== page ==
At the November meeting of member countries of the Convention on Conventional Weapons (CCW) at the United Nations in Geneva, attempts to regulate lethal autonomous weapon systems (LAWs) have ended in a stalemate due to disagreements about both ethical and security issues.
Autonomous weapons, known as “killer robots”, are technologies operated by artificial intelligence systems that attack targets without human control.
At least 28 countries demand a ban on AI weapons, while both the US and Russia object to the idea. China, Israel, South Korea and the UK are also racing to develop LAWs. China promised it would join the ban group, but clarified Beijing was not against their production.
Last year, the EU Parliament passed a resolution calling for an international ban on the development, production and use of weapons that kill without human involvement. But, according to experts, technological development might have progressed already too far to implement a full ban.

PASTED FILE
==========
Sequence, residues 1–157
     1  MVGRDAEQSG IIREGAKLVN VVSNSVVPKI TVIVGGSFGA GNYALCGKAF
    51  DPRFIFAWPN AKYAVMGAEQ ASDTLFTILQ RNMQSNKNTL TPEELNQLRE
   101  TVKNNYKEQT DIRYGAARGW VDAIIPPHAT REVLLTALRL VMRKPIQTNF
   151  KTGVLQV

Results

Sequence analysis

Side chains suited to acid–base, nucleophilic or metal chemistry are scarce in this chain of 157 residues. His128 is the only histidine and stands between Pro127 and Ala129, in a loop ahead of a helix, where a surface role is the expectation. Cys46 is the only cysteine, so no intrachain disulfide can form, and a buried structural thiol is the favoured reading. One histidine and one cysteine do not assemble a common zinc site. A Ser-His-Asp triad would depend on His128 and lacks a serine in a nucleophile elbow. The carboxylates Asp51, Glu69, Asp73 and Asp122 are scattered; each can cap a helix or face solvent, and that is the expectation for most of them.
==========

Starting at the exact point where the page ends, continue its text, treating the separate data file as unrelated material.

At the Paris Peace Forum, UN Secretary-General Antonio Guterres, called for an international ban on LAWs, calling them “politically unacceptable and morally despicable”. Legal experts still don’t know who to hold responsible if such a weapon broke international law.